Speaking of that, it is the duty of the World Conferece to approve, or have the last say, on what is inspired counsel to the church from a scriptural canon standpoint. So, it would make sense that the church body also gets a say on what the mission is.

    Isn't that what the whole discernment process has been about as well as recent scriptures about the importance of understanding different cultural contexts and the diversity of relationships (grounded on certain principles like mutual affection and fidelity) and other forms of moral behavior?

    So, it seems inconsistent to me that at the same time, movements from International Headquarters seek to affirm the power of the professional ministers and equate spiritual power with role in organizational hierarchy.

    It seems to me that one thing that would make our church distinct from many other churches is that the people would get to decide on the many missions that are done, and not simply send money to IHQ which then gets to set priorities.

    With that said, I do think the organizational leadership of the church does a relatively amazing job of seeking feedback, being accessible, and supporting local missions that are set up by the people.

    Still, there is huge room for really becoming a prophetic people where the Spirit is recognized as speaking to all and each supports the missions of the Spirit according to his or her individual callings and interests.

    The task for the organizational church, in that model, lies in helping and encouraging and empowering individuals in being better able to discern the Spirit's call and to mobilize in accordance, allowing the function of the call to determine the structure of response.

    As the now apostle Richard James said, our job is to figure out where God is working and to be a part of that.

    However, we must learn how to hear that for ourselves rather than wait for people at IHQ to tell us. They can't possibly know, even as wonderful and intelligent as they are, all the God is doing and how God calls each of us.

    Those are my 2 cents.

  4. A few more thoughts regarding priesthood:

    As an organizational psychologist, I understand the importance of having "employees" who are loyal to the organization. Organizations want committed, passionate people who exhibit strong what is called organizational citizenship behavior--individual behaviors that are discretionary and are beneficial for the organization.

    With that said, our tradition/theology on priesthood has always been, to my knowledge based on the notion that God calls people to specific priesthood roles and the church then recognizes or accepts those callings through ordination to a specific office. God can call someone to the role of elder and a person can function in that ministry whether or not the church approves it, but if the church approves that call, then that person is allowed to offer church ordinances and be an official member of that office according to church and church membership understanding. In our church, one does not become ordained by completing seminary or jumping through other hoops.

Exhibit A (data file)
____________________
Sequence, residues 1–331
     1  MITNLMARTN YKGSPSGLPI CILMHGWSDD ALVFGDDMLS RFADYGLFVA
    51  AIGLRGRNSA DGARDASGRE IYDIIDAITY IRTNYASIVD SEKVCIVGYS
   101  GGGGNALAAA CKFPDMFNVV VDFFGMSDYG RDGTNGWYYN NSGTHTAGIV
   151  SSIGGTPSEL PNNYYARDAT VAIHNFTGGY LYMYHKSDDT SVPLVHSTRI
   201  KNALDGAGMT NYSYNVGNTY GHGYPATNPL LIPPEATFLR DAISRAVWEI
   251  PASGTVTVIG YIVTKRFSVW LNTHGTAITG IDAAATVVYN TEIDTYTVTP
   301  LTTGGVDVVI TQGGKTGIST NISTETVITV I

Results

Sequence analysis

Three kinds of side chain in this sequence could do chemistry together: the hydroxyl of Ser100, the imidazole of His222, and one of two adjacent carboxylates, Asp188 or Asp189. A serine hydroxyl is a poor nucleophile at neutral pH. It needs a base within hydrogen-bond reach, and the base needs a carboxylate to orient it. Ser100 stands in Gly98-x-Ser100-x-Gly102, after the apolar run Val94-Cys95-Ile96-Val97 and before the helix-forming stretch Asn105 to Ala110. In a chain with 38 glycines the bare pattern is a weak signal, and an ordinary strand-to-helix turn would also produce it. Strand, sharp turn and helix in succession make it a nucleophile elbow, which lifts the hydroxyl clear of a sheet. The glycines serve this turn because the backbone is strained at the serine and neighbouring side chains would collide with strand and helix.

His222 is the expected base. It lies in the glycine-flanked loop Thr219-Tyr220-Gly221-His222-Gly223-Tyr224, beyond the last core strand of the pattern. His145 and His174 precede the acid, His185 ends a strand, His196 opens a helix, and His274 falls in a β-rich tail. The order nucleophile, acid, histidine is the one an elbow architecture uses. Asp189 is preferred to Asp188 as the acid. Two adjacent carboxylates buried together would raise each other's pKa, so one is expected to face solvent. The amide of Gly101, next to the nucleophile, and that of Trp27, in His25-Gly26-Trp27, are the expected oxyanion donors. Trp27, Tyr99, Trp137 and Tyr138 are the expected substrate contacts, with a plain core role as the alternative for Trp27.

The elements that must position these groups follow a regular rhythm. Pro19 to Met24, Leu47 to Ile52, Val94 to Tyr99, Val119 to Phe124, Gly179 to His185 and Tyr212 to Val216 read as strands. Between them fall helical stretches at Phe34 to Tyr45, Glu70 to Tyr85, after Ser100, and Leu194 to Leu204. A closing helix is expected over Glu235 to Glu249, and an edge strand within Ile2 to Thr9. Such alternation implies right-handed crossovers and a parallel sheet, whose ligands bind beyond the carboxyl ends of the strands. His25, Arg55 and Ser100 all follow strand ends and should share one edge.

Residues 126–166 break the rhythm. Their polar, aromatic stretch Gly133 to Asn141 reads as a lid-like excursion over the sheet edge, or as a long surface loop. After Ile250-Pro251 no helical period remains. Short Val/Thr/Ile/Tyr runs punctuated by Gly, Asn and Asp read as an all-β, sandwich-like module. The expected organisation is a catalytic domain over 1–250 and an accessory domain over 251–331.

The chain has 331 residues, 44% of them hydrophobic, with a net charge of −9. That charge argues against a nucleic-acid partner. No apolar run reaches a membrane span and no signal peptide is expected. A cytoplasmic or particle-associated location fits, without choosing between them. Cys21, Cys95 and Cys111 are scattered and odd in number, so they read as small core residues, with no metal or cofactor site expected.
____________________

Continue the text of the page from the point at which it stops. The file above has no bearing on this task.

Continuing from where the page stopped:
As a pastor, I was told to respond to the Spirit when making priesthood calls, and of course there is a lot of other administrative guidance that goes with that.

    Here are the things that I find troubling with Pres. V's comments regarding priesthood and tithing:

    1. There seems to me to be a paradox regarding priesthood. In one view, the church recognizes that God's priesthood is not limited to CofC. An example of this is accepting baptisms not done by CofC priesthood. In the other view, priesthood are members of the church's organizational hierarchy with a chain of command that goes up (church professional ministers and staff up to the presidents of the church) and down ("lower offices" and non-priesthood members).

    2. The latter view makes sense from the standpoint of any organization, but is the church supposed to be like any other organization?

    3. If we believe that God calls an individual person to a particular office, isn't that enough to recognize that calling and ordain the individual? What is the benefit to then checking the financials on that person? Are we saying that God won't call someone to office who isn't a regular contributer to the church? If so, then are we only checking to ensure that we haven't misheard God? If we do think that God has called someone to an office, why would we block that because of money? If we're not worrying too much about God making the calls, then why not just have a progressive priesthood system like the Mormon's do or base it entirely on some other system?

    The only thing that I can think of is to return to the paradox...their is the church's mission, and then there is the church as organization. The two should go together and allow the function of the mission to determine the structure of the organization. However, it becomes confusing to people, I think to talk about priesthood as divine and then to put lots of rules on who can be ordained and who cannot be.

    I have not received satisfactory clarification on this and most responses are usually something like, "well, the organization does a lot of good and the presidents have a responsibility to the institution, just like a college president has a responsibiltiy to perpetuating a college."